Seattle’s Tipped Employees Are Not Low-Wage Workers

10003892_737142256316171_117522615_nLast week we presented a counter proposal to $15Now or the newer $15-in-three-years.

This week we start a series of reports that make our case along with supporting testimonials from employees and the public at large on this site. For now, we’re presenting data in support of how Washington already offers its workers the highest effective minimum wage in the nation.

Effective Minimum Wage (EMW) = Minimum Wage Adjusted for the Cost of Living

Maintaining the current state minimum wage of $9.32 for tipped employees will allow independent business owners the opportunity to absorb wage increases for their non-tipped workers, maintain existing staff levels and in some cases, continue operations.

– Tipped workers have more purchasing power in Seattle: Seattle provides the highest effective minimum wage for tipped and non-tipped workers of any major metropolitan area in the US.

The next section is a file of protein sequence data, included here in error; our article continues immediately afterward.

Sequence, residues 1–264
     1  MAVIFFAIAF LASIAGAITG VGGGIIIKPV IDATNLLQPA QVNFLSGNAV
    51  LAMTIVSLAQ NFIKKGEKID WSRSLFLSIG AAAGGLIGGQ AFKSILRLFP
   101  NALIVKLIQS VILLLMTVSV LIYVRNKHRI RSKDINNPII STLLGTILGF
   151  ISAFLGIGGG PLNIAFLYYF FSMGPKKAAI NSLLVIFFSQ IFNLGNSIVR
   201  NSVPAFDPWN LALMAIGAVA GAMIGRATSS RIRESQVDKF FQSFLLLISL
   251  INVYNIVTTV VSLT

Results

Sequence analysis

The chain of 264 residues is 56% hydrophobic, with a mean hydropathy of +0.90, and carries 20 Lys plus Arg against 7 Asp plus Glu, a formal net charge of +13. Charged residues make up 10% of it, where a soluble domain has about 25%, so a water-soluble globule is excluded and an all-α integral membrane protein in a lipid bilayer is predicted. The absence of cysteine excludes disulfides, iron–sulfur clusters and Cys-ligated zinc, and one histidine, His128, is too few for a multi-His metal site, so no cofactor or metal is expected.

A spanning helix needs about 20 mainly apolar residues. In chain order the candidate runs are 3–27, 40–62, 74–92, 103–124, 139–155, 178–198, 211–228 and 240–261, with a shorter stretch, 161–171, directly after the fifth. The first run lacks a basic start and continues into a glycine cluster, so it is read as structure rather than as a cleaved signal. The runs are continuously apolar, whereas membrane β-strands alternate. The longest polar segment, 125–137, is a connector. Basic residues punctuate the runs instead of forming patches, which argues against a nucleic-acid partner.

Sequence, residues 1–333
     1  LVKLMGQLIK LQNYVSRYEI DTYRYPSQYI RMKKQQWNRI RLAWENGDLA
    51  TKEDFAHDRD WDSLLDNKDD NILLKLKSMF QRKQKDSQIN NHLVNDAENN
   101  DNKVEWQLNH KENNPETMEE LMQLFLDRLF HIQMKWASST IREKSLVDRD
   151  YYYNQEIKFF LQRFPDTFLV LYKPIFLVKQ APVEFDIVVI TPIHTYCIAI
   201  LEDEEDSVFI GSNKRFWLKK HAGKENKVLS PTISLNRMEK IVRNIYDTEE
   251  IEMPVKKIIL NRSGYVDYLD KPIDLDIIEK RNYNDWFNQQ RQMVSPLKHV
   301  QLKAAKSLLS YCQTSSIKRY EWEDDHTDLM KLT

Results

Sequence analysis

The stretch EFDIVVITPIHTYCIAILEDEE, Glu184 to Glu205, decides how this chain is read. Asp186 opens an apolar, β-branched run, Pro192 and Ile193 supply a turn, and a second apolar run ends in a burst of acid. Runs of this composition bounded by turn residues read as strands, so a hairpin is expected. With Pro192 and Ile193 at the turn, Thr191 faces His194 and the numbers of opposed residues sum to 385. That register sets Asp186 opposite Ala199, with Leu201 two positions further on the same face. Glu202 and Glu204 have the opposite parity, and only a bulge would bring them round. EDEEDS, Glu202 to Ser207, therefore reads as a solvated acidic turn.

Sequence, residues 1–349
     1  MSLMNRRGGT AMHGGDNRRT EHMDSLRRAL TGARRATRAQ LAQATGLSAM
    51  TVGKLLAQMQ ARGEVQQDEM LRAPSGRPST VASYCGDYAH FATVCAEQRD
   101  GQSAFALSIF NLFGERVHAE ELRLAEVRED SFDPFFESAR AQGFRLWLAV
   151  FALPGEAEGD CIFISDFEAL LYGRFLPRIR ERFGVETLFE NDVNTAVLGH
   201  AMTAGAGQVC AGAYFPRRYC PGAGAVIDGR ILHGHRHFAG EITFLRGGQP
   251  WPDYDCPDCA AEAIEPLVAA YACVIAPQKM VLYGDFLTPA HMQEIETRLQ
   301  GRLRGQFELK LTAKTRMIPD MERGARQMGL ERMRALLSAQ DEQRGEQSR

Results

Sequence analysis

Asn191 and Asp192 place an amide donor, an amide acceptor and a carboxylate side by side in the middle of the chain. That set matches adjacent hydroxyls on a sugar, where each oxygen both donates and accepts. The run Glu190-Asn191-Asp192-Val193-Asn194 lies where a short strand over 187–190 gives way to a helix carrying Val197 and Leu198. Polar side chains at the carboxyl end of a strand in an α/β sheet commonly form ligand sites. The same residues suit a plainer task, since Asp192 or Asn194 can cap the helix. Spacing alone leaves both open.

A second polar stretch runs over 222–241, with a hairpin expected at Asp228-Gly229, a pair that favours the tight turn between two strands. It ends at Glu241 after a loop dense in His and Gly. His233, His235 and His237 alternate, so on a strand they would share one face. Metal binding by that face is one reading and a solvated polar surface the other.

– Businesses pay more to operate in Seattle than anywhere else: Bars and restaurants in Seattle carry the highest effective labor costs of any major city in the nation.

– Washington’s minimum wage is mandated to adjust annually already: Increases are based on the Consumer Price Index, keeping the minimum wage and purchasing power in check.

The proposed increase in Seattle’s minimum wage is unique. We have set the bar for the minimum wage for metropolitan areas in the US for 20 years and continue to have the highest effective minimum wage.

Making such a radical increase would be the first time that a city with the leading effective minimum wage has chosen to take such drastic action. Tips MUST be considered income in the minimum wage debate.

Click here to view the full PDF: 2014_04_09 – Data Analysis in Support of Seattle’s Tipped Employees are NOT Low-Wage Workers – Forward Seattle

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